sleeping bag 'science'

2:52 p.m. on January 10, 2018 (EST)
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i enjoyed this article about differing views for keeping warm while you sleep. some people layer inside a sleeping bag, some go the bare minimum route, others in between.  https://www.outsideonline.com/2271191/how-experts-layer-sleeping-bag 

i agree with comments in the article that you need to think about keeping warm in the outdoors systemically. without adequate insulation below the bag, you will bleed a lot of heat. layering inside a bag depends on how warm or cold you sleep, how well-insulated your sleeping bag is, how much room you have inside the sleeping bag to layer without compressing the insulation, and what happens to moisture your body naturally emits while you sleep, particularly in the winter because that natural vapor you send out can freeze in the outer layers of your sleeping bag insulation, hurting loft and limiting the effectiveness of the insulation.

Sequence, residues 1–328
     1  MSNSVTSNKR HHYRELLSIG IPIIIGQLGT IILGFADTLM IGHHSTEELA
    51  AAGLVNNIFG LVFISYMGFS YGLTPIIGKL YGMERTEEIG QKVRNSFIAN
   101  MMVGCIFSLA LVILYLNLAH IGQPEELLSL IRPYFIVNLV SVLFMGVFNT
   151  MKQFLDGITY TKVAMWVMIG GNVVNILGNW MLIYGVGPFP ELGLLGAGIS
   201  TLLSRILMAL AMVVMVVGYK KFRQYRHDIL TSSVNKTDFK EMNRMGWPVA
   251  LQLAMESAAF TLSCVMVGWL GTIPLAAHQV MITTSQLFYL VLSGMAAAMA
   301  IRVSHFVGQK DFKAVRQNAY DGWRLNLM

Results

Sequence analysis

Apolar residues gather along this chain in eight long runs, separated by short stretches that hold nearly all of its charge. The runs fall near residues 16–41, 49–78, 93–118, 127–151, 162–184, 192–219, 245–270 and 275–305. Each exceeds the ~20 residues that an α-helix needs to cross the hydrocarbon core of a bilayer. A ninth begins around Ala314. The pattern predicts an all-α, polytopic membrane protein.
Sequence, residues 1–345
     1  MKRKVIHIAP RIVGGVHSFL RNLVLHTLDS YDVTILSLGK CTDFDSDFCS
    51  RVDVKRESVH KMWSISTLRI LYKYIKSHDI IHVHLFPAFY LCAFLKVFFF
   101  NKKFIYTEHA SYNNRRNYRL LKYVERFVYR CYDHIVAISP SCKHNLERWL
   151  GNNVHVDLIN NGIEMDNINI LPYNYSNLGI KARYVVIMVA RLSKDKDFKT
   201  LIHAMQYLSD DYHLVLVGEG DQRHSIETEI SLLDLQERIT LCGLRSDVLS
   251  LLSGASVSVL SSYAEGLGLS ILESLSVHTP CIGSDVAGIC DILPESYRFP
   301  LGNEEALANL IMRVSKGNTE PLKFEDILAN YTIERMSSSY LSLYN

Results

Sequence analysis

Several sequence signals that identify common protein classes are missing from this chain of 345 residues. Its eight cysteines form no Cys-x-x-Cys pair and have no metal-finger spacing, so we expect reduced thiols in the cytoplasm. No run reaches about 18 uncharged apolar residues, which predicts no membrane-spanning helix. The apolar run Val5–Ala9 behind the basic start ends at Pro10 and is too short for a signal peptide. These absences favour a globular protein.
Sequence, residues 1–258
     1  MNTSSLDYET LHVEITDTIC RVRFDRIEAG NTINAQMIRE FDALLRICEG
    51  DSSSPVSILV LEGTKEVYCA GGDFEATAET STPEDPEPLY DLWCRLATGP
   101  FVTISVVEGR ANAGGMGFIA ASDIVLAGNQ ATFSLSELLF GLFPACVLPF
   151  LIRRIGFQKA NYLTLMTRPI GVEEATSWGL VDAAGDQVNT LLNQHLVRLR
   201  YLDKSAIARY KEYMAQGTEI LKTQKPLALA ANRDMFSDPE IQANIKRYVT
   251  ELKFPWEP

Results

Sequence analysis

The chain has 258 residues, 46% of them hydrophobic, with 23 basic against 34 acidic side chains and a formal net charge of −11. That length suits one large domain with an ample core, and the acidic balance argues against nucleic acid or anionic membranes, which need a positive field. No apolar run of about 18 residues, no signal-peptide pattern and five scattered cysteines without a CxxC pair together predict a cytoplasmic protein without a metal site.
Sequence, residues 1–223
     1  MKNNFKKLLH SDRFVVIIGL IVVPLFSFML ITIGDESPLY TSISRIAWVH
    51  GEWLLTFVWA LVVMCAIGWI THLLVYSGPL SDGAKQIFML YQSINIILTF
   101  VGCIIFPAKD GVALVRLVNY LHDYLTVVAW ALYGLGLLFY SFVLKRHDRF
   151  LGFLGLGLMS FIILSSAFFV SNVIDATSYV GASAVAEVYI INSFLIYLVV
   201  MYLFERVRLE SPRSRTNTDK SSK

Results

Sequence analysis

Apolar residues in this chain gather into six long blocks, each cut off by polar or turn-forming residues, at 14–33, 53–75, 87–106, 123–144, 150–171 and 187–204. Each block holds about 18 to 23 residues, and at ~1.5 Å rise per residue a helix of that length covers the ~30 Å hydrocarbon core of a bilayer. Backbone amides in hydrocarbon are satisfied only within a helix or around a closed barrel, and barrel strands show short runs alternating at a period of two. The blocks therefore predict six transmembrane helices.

it is very important to me to be able to lie inside a sleeping bag when i'm shopping, for these reasons. some bags (Valandre makes a few prime examples, like the shocking blue and bloody mary) are sized to be used in combination with a good down jacket, very roomy inside, leaving space for a lofty layer inside. others, you wear a down jacket in the bag & feel like an anaconda python just swallowed you - and if the insulation is compressed, you aren't going to feel as warm inside the bag.